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review 2020-10-13 06:27
Dare to Play (Dare Nation #3) - Carly Phillips

This is book #3 in the Dare Nation series.  This book can be read as a standalone novel.  For reader understanding, and to avoid spoilers, I recommend reading this series in order.


Jaxon has learned the hard way that most relationships do not last.  Taking a chance with his sister's best friend, he is learning that she is strong and sassy.  Maybe this is a relationship that can last?


Macy needed help and the most unexpected person stepped up.  Married to a Baseball Star?  Well it appeals with both of them needing a rescue.  Being attracted to that bod isn't difficult, either.


This story moved at such a good pace.  It felt honest.  The book appealed on a family level, as well as a couple level.  I really liked the characters.  They make a good couple.  The sister didn't come across perfect, or rushed to be on the side of right.  This was a very good read, since it felt real.  I give this a 4/5 Kitty's Paws UP!



***This early copy was given in exchange for an honest review only.

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review 2020-07-30 03:18
Dare to Lead by Brené Brown
Dare to Lead: Brave Work. Tough Conversations. Whole Hearts. - Brené Brown

This was mostly a wrong turn in my “learn how to be a supervisor in the middle of a pandemic” quest. It seems to have received more attention from fans of the author’s other work than people looking for business books, and so perhaps unsurprisingly, it’s much more a self-help book than a management book. Mostly it’s peddling the author’s particular version of emotional authenticity and connectedness. I don’t know that there’s anything bad about her vision per se, but I found the book off-putting: the peculiar phrasing she uses in her workplace (“let’s rumble about this,” “that’s outside of my integrity,” and so on), the self-help-y unspoken assumption that seems to saturate its pages that those who don’t see the light of her vision will bumble around blindly leading terrible lives. Admittedly, I don’t think much of self-help books. They’re quick and easy reads, as this is, but they rub me the wrong way.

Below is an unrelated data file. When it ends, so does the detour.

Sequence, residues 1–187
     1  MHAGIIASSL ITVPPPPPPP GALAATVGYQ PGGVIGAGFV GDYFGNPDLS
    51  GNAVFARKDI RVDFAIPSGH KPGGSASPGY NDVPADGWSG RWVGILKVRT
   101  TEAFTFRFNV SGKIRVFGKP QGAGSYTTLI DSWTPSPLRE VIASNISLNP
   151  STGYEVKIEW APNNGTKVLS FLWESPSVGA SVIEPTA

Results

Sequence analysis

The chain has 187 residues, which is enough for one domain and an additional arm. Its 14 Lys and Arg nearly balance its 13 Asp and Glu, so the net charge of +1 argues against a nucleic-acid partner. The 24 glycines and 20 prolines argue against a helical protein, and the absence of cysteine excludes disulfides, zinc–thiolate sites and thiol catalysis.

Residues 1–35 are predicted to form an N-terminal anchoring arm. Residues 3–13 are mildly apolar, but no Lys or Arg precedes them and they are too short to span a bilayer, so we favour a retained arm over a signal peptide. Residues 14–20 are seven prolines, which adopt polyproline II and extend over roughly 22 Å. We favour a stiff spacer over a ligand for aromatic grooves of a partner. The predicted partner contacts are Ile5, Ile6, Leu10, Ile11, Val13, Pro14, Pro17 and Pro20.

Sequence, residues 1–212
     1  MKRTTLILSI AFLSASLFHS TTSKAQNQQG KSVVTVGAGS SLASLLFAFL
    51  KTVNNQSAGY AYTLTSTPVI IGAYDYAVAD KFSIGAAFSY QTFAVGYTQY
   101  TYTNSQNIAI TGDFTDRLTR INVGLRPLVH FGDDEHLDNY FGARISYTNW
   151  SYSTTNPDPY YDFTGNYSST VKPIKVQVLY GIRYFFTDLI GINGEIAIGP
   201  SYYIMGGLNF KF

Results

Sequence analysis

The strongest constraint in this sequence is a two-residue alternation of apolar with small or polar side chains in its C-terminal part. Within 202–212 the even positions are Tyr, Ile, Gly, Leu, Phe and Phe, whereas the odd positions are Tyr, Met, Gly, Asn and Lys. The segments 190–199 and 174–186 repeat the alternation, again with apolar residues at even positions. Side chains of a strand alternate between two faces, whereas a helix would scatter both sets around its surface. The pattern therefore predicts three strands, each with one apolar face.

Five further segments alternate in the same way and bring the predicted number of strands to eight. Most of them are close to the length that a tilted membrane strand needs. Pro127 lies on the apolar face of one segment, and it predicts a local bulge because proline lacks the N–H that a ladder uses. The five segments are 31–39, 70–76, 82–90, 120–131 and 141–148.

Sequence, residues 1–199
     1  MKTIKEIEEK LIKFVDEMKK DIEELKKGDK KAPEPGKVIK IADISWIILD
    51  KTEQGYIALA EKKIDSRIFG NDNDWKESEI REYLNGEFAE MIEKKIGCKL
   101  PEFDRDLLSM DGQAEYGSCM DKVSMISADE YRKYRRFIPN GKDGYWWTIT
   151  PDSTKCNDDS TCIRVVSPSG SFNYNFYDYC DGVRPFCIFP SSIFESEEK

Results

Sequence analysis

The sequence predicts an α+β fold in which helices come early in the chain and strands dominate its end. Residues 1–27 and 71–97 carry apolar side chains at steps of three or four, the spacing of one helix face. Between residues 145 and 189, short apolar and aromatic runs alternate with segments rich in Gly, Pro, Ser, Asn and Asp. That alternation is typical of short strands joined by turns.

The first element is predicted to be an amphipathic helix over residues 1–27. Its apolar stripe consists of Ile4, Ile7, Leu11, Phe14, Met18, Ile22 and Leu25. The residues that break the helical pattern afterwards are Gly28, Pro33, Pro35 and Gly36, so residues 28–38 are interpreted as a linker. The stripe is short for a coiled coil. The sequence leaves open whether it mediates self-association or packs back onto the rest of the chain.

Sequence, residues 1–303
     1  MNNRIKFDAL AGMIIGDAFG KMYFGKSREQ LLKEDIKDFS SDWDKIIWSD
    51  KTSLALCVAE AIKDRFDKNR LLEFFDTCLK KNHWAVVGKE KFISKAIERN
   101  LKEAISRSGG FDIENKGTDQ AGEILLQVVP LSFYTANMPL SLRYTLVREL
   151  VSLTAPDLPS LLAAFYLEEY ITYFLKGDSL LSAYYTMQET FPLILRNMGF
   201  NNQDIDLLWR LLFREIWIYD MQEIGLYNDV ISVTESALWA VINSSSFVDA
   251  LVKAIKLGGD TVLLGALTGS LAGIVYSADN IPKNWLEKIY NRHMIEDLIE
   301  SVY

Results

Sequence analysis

And unfortunately, for all the author touts her Ph.D. and calls herself a researcher, this is very much self-help rather than pop psych. Typically, a pop psych book will discuss studies and their methodologies and results in an accessible way for a general audience. This author claims to have done a bunch of research, but her methodology is never discussed beyond vague references to interviewing people. And she never cites a single statistic, instead presenting the One True Way to Be Empathetic, for instance. Somehow I’m pretty sure no psychological research shows 100% unanimity on anything, unless it’s total softball questions like “is murder generally wrong?” At what point does “I talked to a bunch of people about this, and here’s the general consensus” cross the line from anecdote to science? I don’t know, but I’m not convinced this work has done so.


That said, certainly there’s plenty of common sense advice here, like “be clear about what specifically you’re asking people to do” and “try to be nonjudgmental if you want people to feel safe talking to you.” I think the book is a little overly padded with the author quoting long excerpts of people (particularly famous people) praising her work, and it’s probably most useful if you are the head of an organization looking to transform a workplace culture. It kind of annoyed me, but then it’s not my type of thing to begin with.